You can have an interest rate which is fixed for a specified number of years, or you can have a rate which is variable and can change as often as monthly…
The rate that suits you best is a personal choice and its worth taking the time to consider each option to make sure you fully appreciate the small print and the restrictions to the deal you are signing up to. The most common options are:
This does what it says on the tin! In this case the interest rate is fixed at the outset of the mortgage and will not change for a specified period of time. A really good idea for people who are on a tight budget or where the idea of a variable rate makes them nervous.
The most common fixed rate periods are 2, 3 and 5 years. After the fixed rate has expired you will have to select (and pay a fee for) a new rate so do bear that in mind when making your initial selection.
During the fixed rate you will be penalised if you need to ‘break’ the rate but some lenders will allow you to pay small one-off amounts into the mortgage. If you move house you will generally be allowed to move the mortgage with you which is called ‘porting’ the rate.
This is a variable rate mortgage where your interest rate will be linked directly to the Bank of England Base Rate. The Base Rate is reviewed monthly and CAN change every month if the Committee setting rates thinks that it is appropriate to do so. A Tracker rate might be a good idea for borrowers who want the most flexible mortgage, potentially allowing them to make irregular additional capital payments, or where they are confident that interest rates will stay low.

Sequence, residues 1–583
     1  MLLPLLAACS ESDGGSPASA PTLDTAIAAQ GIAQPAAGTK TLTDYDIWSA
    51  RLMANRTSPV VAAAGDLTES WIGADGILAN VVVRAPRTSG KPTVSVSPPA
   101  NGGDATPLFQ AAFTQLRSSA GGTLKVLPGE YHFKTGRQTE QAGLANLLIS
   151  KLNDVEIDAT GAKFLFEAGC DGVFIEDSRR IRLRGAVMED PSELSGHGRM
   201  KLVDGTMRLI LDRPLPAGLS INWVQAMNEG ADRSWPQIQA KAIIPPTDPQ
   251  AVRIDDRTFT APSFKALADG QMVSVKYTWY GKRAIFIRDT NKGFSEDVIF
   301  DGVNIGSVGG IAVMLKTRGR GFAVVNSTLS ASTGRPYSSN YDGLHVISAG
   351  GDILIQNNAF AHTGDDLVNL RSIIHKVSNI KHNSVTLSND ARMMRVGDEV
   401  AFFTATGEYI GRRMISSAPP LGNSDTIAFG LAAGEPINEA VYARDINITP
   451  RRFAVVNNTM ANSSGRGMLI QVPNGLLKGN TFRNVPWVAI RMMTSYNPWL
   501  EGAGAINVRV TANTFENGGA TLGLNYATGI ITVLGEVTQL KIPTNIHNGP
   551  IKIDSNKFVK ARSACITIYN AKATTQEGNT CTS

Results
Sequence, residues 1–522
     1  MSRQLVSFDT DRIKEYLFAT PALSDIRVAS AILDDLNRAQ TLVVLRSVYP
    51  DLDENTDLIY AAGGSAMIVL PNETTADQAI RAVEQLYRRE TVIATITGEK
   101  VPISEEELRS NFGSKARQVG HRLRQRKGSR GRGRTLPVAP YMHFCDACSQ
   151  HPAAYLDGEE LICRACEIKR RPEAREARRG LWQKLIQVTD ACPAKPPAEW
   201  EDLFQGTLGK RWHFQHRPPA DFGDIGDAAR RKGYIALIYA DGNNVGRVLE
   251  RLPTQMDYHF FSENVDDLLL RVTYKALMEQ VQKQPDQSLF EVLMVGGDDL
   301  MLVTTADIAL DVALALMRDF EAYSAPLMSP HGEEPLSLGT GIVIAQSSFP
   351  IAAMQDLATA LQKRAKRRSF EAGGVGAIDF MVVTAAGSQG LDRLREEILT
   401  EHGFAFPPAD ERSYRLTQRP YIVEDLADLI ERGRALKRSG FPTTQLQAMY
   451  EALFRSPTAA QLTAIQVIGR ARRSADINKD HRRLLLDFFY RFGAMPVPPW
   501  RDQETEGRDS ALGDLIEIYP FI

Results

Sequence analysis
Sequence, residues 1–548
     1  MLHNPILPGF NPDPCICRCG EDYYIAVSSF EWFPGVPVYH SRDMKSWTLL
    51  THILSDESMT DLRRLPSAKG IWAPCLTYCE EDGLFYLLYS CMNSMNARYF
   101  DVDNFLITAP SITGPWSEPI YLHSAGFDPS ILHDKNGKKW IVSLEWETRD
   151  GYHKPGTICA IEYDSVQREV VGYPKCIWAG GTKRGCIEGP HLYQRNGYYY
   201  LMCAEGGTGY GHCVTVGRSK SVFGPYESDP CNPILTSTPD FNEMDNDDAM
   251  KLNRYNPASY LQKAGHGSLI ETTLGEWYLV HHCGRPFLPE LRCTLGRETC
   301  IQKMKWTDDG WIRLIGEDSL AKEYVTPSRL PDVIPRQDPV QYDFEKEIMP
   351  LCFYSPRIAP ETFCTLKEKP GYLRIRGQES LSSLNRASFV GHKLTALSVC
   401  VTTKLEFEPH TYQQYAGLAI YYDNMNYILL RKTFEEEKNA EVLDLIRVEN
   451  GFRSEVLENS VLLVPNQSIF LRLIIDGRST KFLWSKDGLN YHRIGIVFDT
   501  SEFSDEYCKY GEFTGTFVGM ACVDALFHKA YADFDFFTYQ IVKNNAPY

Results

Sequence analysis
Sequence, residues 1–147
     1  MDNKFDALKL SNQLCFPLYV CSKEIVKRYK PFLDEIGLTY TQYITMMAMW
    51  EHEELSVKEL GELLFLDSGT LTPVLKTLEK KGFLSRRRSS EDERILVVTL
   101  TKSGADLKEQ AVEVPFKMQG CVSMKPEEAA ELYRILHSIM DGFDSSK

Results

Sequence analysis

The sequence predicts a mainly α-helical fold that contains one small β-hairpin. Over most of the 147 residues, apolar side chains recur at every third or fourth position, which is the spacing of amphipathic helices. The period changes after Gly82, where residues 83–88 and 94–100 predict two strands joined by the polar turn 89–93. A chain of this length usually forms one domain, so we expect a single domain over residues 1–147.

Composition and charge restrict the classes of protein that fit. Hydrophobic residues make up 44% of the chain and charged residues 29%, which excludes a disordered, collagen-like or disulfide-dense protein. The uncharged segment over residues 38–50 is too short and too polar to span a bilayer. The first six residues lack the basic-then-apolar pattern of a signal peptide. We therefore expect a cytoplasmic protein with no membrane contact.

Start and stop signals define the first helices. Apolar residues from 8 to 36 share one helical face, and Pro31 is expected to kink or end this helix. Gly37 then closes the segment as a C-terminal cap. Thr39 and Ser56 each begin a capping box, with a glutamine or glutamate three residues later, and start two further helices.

In recent years most lenders have introduced time restrictions to their Tracker rates so you may find that the rate only lasts 3 or 5 years in a similar way to a fixed rate. You may therefore find yourself having to select (and pay for) a new deal. If you think a Tracker rate will suit you we generally recommend looking for one without an expiry date even if it is slightly more expensive in the short term.
This is also a variable rate but in this case the rate is calculated as a discount to the particular lender’s Standard variable rate. The timing of rate changes is therefore at the discretion of the lender rather than the Bank of England. Discount rates are usually short term deals, perhaps suitable for applications who need the lowest possible mortgage payment in the first couple of years of the mortgage when things are generally more expensive.
You will usually incur a penalty is you repay additional money or exit the deal early.
Standard variable rate
As a default position all lenders will have a Standard variable rate. This is the default rate for mortgage holders who have not selected a specific product. It is generally the most flexible mortgage on offer form the lender, but therefore usually the most expensive.
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